There's a link between sleep disorders and depression
It is vitally important for your kids to sleep well at night to maintain good mental health. Although good nutrition is often highlighted as being the most significant factor for good mental health in a growing child, the vital importance of good sleep should not be forgotten. Recent research points to a genetic link between sleep disorders in kids and depression.
Researchers set out to use quantitative genetic models to assess whether sleep duration modifies genetic and environmental influences on depressive symptoms, reports the journal Sleep. This study included 1,788 adult twins from 894 same-sex twin pairs made up of 192 male and 412 female monozygotic pairs, and 81 male and 209 female dizygotic pairs from the University of Washington Twin Registry. The participants were asked to self-report habitual sleep duration and depressive symptoms.
The data in this research were analyzed using quantitative genetic interaction models, which allowed the magnitude of additive genetic, shared environmental, and non-shared environmental influences on depressive symptoms to vary with the duration of sleep. Among the monozygotic twin pairs, the twins who reported longer sleep duration reported fewer depressive symptoms. It was noted that there was a significant gene × sleep duration interaction effect observed on depressive symptoms.
In the individuals with sleep duration within the normal range, the total heritability of depressive symptoms was found to be approximately 27 percent. However, among those individuals with sleep duration within the low, less than 7 hours a night, or high, 9 or more hours a night, increased genetic influence on depressive symptoms was observed. The increased genetic influence was found on depressive symptoms at sleep duration extremes going as low as 5 hours a night to as high as 10 hours a night. It was concluded that genetic contributions to depressive symptoms increase at both short and long durations of sleep.
In another study sleep deprivation at baseline predicted measures of depression at follow-up, reported the journal Sleep. In this study 4,175 youths aged 11-17 were followed at baseline, and 3,134 of these youths were followed up a year later. Sleep deprivation was defined as 6 or less hours of sleep a night. Sleep deprivation at baseline predicted measures of depression at follow-up. In a consideration of the reciprocal association, major depression at baseline predicted sleep deprivation at follow-up.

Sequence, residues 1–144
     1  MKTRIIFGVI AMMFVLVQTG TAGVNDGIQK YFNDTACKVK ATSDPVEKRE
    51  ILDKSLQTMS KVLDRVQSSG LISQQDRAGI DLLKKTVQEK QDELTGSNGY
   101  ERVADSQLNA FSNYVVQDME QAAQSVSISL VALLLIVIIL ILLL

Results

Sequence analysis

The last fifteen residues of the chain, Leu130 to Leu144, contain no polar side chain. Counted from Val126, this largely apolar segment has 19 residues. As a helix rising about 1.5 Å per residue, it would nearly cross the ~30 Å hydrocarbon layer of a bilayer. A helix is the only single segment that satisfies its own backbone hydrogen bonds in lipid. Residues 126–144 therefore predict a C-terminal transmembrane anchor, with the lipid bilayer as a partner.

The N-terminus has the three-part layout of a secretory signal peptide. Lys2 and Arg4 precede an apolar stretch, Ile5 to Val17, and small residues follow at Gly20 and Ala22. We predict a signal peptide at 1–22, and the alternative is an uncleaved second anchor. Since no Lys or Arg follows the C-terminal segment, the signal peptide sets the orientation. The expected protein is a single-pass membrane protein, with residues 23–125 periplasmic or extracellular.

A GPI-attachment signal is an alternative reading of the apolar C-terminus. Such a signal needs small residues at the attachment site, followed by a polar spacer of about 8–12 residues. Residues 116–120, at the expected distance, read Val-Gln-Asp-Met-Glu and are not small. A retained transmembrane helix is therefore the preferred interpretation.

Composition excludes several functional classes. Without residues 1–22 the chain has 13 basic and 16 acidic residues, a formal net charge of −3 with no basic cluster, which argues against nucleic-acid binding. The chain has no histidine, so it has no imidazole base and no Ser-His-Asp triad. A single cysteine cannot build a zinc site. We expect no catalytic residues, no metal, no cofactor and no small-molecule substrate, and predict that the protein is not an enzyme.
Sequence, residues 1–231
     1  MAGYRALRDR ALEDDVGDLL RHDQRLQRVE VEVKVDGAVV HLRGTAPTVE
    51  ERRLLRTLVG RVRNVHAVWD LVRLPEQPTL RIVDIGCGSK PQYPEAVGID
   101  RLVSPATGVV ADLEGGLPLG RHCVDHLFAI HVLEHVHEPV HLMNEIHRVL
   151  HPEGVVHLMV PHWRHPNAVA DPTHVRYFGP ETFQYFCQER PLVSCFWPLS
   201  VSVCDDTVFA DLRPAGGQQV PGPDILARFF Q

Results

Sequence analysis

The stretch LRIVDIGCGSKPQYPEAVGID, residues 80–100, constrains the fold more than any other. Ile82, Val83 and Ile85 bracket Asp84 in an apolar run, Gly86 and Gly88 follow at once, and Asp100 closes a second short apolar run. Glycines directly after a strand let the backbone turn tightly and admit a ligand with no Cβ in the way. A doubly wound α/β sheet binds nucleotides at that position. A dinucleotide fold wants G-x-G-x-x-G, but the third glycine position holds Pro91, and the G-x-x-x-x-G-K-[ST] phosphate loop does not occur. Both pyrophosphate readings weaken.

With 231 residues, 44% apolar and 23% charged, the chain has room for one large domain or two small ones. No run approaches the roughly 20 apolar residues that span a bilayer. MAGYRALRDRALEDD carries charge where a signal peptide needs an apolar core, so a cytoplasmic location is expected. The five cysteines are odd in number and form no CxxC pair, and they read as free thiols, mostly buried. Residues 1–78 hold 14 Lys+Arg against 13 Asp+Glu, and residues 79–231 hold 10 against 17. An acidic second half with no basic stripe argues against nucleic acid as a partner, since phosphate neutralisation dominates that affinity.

This study documented reciprocal effects for major depression and sleep deprivation among adolescents. The data suggested reduced quantity of sleep increases the risk for major depression, which in turn increases the risk for decreased sleep.
The researchers have come to the conclusion that there is a genetic link between sleep disorders and depression in young children, reported the American Academy of Sleep Medicine on Feb. 1, 2014. They studied the link between sleep problems and depression. The results of this study demonstrated that sleep problems predict later depression. These findings support the theory that early treatment of sleep problems may serve to protect kids from the development of depression.
It has been indicated by this study that the stability of sleep problems across time is primarily caused by genetic factors. However, the stability of depression was found to be primarily caused by non shared environmental influences. Lead author Alice M. Gregory, who is senior lecturer in the department of psychology at Goldsmiths College in London, has said the most surprising result of the study concerned the reasons why it appears there may be links between sleep problems and depression at different points in the life of a young person.
In a previous study genes were reported to be the most important factor in explaining the association between sleep problems and depression in eight year old kids. However, when this issue was examined at age 10, it was found that genes were less important in explaining the association and instead environmental influences had become more significant. It appears this could be due to the fact that environmental experiences are becoming more relevant as kids grow older and could therefore play a significant role in both sleep problems and depression.
It was concluded by the researchers that even though childhood sleep problems have only a small influence on later depression, these issues deserve serious consideration because they can negatively affect a child in many manners, including:
3: Social function
4: Academic function
It has been suggested by these researchers that in comparison with other risk indicators of later problems, sleep difficulties are more easily approached and readily discussed with families without dealing with the negative stigma that may be associated with the discussion of mental health problems in children.
I have observed a growing problem with kids getting enough sleep as more and more high tech devices invade their lives. Many kids appear to be almost addicted to their iPods, iPads, smartphones, 3 DS games, and other devices and they often prefer to sneak extra time with their devices than get to sleep on time. Clearly, there is an environmental influence on parameters involving getting enough sleep regardless of what theories persist dealing with genetic factors, and so I believe lifestyle adjustments should be encouraged to help kids, and adults, get better sleep naturally.More exercise during the day, less time playing and working on high tech devices and watching TV, and avoidance of stimulants such as caffeine and too much chocolate, along with good daily nutrition appear advisable. Also, a quite, comfortable sleeping environment is important.